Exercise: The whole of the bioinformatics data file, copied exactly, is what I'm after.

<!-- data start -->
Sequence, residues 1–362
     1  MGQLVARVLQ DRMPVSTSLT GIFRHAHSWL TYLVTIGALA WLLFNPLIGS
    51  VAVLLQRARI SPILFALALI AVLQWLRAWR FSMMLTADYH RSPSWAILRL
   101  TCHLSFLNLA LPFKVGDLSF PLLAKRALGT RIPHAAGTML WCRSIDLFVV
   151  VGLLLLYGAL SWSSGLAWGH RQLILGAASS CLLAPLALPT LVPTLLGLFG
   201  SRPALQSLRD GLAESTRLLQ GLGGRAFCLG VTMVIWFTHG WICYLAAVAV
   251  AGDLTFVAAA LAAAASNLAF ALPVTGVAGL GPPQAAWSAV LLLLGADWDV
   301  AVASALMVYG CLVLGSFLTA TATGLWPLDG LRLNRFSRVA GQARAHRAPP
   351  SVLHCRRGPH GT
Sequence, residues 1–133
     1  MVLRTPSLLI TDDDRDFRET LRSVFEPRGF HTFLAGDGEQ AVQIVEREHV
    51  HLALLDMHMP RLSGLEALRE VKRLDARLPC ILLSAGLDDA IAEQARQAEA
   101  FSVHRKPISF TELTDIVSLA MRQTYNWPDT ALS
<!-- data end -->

Sequence, residues 1–362
     1  MGQLVARVLQ DRMPVSTSLT GIFRHAHSWL TYLVTIGALA WLLFNPLIGS
    51  VAVLLQRARI SPILFALALI AVLQWLRAWR FSMMLTADYH RSPSWAILRL
   101  TCHLSFLNLA LPFKVGDLSF PLLAKRALGT RIPHAAGTML WCRSIDLFVV
   151  VGLLLLYGAL SWSSGLAWGH RQLILGAASS CLLAPLALPT LVPTLLGLFG
   201  SRPALQSLRD GLAESTRLLQ GLGGRAFCLG VTMVIWFTHG WICYLAAVAV
   251  AGDLTFVAAA LAAAASNLAF ALPVTGVAGL GPPQAAWSAV LLLLGADWDV
   301  AVASALMVYG CLVLGSFLTA TATGLWPLDG LRLNRFSRVA GQARAHRAPP
   351  SVLHCRRGPH GT
Sequence, residues 1–133
     1  MVLRTPSLLI TDDDRDFRET LRSVFEPRGF HTFLAGDGEQ AVQIVEREHV
    51  HLALLDMHMP RLSGLEALRE VKRLDARLPC ILLSAGLDDA IAEQARQAEA
   101  FSVHRKPISF TELTDIVSLA MRQTYNWPDT ALS